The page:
• Sam said…

      Point taken re not seeing them, though I don’t think it changes much of the substance of my argument – particularly as I was picking up on what Emyr, who has seen the sculptures, has said. I don’t think you are obliged to answer the question, but I do rather think you and Robin have talked around it a little. I think Emyr’s description of the organic within the sculptures is a good one.

  4. Sam said…

    I seem to have moved the discussion on Robin’s sculpture over here – sorry about that!

    I think that the most coherent comment on Robin’s sculpture in the other thread was from Emyr:

    “I wonder if in fact the term organic is quite useful after all, Mark’s rational explanation for how Robin would have to reconfigure any section to generate the impetus , energy and functional support for the steel to get it up higher made me wonder that this seemed to suggest this was the only way to do that (implied in relation to steel used in this way I suppose). This does have a sense of an “approach” which cannot be challenged. Making sections which build to larger units and gradually move through space seems to be shared by all three sculptors (I have not seen Mark’s so cannot be sure) Is this the only way that three-dimensionality can be dealt with though? for that seems a definite subtext. This approach does seem to treat the steel as some kind of organism; bits evolve in complexity and gather momentum as they “grow” through space. They need a sense of the sap running through them or the extremities wither. Tony’s analogy to a tree sharpening my point even further. Is there a danger of a similarity of approach which narrows rather than opens up possibilities?”

    And I don’t think that the comments by Robin or Tony have either properly addressed this. I think it is an interesting point, because it suggests a limitation to the work – both in terms of what it can do (the unspoken ‘rules’ the particular type of “three-dimensionality” or “wholeness” operates under); and in our approach to the sculpture (in the type of three-dimensionality we are confronted with). Organicism is perhaps an easily swiped away word, but I do think that a type of coherence stemming from the body or from the organic (and from a particular idea – that word again! – of the body) is central to Robin’s and Tony’s work. I understand that this cannot be taken too directly and that the success of the sculptures (which I think is very high) depends that the relation is somehow deferred (or submerged, or translated or something along those lines), but I do think it is worth acknowledging that it is present. Otherwise I think we are in the realm of polemic. All art has rules, limitations, after all!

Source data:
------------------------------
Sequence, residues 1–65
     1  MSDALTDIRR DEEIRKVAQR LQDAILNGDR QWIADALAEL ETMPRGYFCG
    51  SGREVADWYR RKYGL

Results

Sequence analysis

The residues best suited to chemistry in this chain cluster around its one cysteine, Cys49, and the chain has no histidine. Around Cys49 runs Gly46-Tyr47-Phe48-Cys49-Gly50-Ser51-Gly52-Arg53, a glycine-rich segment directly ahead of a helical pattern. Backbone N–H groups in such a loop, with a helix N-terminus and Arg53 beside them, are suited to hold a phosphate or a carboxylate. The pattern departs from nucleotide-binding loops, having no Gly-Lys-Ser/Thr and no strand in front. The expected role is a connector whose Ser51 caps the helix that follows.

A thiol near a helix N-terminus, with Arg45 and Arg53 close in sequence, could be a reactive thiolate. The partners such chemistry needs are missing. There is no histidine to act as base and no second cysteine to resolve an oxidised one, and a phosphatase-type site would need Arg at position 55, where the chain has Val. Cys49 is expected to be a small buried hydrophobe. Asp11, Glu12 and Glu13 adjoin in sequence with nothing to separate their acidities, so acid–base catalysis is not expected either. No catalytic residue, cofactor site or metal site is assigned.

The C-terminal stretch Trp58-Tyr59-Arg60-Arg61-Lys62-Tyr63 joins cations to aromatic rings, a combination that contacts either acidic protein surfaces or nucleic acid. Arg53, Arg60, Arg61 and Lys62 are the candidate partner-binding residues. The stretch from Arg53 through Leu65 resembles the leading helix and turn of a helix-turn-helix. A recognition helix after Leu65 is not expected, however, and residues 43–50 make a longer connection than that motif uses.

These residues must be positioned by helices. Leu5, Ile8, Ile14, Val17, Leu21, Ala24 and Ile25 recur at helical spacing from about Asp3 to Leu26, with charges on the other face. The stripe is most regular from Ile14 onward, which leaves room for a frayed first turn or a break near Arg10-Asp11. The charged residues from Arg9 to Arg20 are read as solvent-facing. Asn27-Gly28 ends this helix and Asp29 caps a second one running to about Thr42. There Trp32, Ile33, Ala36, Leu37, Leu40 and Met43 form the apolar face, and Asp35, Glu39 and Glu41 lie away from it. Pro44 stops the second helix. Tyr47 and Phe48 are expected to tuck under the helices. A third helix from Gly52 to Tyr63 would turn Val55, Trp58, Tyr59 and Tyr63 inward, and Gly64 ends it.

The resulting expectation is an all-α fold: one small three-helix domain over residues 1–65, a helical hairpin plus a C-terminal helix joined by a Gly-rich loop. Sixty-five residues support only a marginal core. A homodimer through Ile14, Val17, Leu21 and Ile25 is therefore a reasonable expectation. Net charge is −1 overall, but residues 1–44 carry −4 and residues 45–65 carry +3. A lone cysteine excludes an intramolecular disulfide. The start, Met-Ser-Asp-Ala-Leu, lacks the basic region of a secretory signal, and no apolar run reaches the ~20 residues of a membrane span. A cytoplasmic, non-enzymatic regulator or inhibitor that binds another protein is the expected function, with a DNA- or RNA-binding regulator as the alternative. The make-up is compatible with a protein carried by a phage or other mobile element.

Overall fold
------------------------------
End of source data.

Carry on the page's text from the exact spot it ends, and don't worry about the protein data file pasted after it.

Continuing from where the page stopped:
It would also be worth saying that I agree with Robin that there are many differences between the sculptors we are talking about (whether or not they cover as much sculptural territory as has been covered in last fifty years I couldn’t say), that complicates any sense of organic or bodily relation – though considering the various ways in which this bodily relation is approached, the extent to which it is made explicit, might be a good way into describing these differences….?

    More directly on Panting later…

    • Robin Greenwood said…

      Perhaps it would be helpful if you and/or Emyr could point us in the direction of some concrete examples of alternative approaches to three-dimensionality in abstract sculpture.

      • Sam said…

        Well I would cite some sculptures by Caro, but you of course will disagree, as successfully three-dimensional abstract sculptures (and I think really you are changing the subject a little). Garland, Emma Push Frame, Early One Morning are all works I have seen recently. Of course it is a different type of 3-dimensionality to what you, Mark, Tony and Katherine are exploring (and I think it is a very, very good thing that this is happening). The Caros do not for example use the sort of motion that Emyr described in the comment I’ve just quoted…

      • Robin Greenwood said…

        OK, well that’s three Caros, which are pictorial, non-physical, optical, architectural; all things we have moved on from. Are you really suggesting we go back to that? Anything else? I suspect any other alternatives will turn out to be fantasy.

      • Terry Ryall said…

        It would be a great shame, given the minority status of sculpture discussions on this site, if this one collapses into the tedious repetition of historically well-aired views rather than remaining focused on the work of Robin Greenwood, Tony Smart and Mark Skilton and the questions that have arisen directly in response to their sculpture. The first question centres around the use of the word organic in relation to all three which Robin and Tony seem to have an objection to. Although I stand by my view(and I have only seen images) that what I see suggests a way of/approach to making that is consistent with a sense of progression, movement and development that can be associated with or felt as having some affinity with a living organism. I don’t see this ‘sense’ that I have as placing any of the works,in any way, in an analogous position with a tree, human-being, carrot whatever and that is, despite using the same word, where I differ from Emyr and Sam. It has to be accepted that words in relation to art can be clumsy, not wholly accurate and often succeeding only in getting to a ‘ball-park’ area of understanding but that is better than descent into entrenched positions.